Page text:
Dorothy age 2Not yet three years old, Dorothy — they would have called her Dottie — sits motionless and polished for her portrait. Her shoes — spats? — and lace-trimmed dress and the tiny finger ring on her right hand, even the portrait itself, speak of privilege and a degree of “perfection” that would be a burden to my mother throughout her life.

Before long, the darling toddler, who could be doll-dressed and encouraged to smile for a morsel of praise, had unmanageable red, curly hair and buck teeth. Her mother (who, to her credit, turned out to be a wonderful grandmother) already favored her firstborn son and couldn’t bring herself to embrace this messy, imperfect girl.

Distanced by her mother, teased by her brother, Dottie invested her hopes in her father: the youngest of ten children, a good-hearted joker who was coddled as the “baby” of the family throughout his life. He was playful and kind to her, but his work and the child-rearing practices of the day — children were “seen, not heard” — kept him at a distance. At any rate, he was no match for his more serious and imperious wife, who made and enforced the rules and set the expectations that the young Dorothy was never able to achieve.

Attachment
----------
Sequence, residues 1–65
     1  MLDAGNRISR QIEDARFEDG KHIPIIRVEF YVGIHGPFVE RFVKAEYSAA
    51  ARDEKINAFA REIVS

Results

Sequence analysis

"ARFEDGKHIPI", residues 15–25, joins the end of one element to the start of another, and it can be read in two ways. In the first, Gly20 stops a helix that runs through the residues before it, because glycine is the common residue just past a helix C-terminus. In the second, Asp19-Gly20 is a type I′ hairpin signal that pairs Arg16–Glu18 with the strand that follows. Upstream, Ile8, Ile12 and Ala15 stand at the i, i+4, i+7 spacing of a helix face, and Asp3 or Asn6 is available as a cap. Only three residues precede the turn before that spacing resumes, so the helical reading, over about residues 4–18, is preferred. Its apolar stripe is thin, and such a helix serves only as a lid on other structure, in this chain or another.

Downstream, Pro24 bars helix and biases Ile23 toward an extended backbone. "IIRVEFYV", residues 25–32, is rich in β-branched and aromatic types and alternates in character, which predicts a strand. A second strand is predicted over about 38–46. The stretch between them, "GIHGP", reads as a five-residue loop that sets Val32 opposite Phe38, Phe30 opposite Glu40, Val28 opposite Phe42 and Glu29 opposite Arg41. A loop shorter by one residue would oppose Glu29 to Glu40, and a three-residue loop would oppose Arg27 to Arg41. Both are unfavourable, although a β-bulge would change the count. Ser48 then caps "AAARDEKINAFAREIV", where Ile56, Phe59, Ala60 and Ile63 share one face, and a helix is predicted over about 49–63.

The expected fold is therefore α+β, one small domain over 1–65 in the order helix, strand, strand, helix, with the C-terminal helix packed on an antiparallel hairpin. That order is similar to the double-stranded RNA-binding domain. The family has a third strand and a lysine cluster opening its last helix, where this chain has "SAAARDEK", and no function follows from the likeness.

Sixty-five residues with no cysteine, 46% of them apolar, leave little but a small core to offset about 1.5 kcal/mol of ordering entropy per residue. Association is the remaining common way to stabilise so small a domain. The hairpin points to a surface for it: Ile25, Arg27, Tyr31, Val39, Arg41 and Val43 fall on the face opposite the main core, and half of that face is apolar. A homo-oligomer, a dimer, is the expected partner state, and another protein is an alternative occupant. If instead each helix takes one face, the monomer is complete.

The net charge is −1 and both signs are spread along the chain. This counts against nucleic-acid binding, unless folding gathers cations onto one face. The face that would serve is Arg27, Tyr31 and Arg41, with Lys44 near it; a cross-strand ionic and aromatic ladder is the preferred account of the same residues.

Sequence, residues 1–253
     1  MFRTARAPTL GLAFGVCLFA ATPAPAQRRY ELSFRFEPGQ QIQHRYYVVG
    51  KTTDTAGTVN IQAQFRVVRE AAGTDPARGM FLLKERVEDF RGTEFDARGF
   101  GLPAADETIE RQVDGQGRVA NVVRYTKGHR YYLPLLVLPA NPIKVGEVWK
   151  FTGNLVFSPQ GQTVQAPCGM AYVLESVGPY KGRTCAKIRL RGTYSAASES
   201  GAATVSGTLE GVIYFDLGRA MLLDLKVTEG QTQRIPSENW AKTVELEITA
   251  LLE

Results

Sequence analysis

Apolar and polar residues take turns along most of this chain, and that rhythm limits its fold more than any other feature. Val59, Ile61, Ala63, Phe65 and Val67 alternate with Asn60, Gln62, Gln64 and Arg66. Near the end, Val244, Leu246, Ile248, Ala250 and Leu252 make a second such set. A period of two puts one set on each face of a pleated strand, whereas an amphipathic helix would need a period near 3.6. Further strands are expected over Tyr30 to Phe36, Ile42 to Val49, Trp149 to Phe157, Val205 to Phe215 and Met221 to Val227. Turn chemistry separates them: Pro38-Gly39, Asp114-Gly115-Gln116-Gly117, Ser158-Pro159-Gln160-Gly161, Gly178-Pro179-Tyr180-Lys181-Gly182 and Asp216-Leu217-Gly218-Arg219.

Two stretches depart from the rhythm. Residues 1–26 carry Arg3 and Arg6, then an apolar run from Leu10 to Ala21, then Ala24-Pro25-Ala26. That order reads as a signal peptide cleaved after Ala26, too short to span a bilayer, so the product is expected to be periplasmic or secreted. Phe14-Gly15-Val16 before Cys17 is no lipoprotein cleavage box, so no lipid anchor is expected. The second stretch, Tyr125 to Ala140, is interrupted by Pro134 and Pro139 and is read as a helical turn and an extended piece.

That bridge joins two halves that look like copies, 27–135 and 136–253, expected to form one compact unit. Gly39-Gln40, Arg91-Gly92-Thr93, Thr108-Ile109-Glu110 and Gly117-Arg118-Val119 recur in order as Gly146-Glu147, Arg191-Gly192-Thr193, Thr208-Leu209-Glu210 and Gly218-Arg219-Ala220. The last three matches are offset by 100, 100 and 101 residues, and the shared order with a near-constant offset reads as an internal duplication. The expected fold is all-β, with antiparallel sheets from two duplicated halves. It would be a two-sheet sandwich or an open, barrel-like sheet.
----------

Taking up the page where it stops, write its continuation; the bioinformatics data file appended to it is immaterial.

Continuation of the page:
Her life was shaped by that duality — perfect girl on one hand, zany misfit on the other — and the long, painful search for unconditional love.


1940s Dorothy in Palm SpringsDorothy is about 30 in the photo, on a trip to Palm Springs with her mother, Elsie. Perhaps Elsie’s husband, Max, was there; maybe he took the pictures. It’s hard to know.

I’ve looked at these photos hundreds of times. I turn them over again and again, hoping to discover a fragment of the story. But the reverse is always blank, so I look deeper at the image, trying to decipher something more about the woman who would become my mother.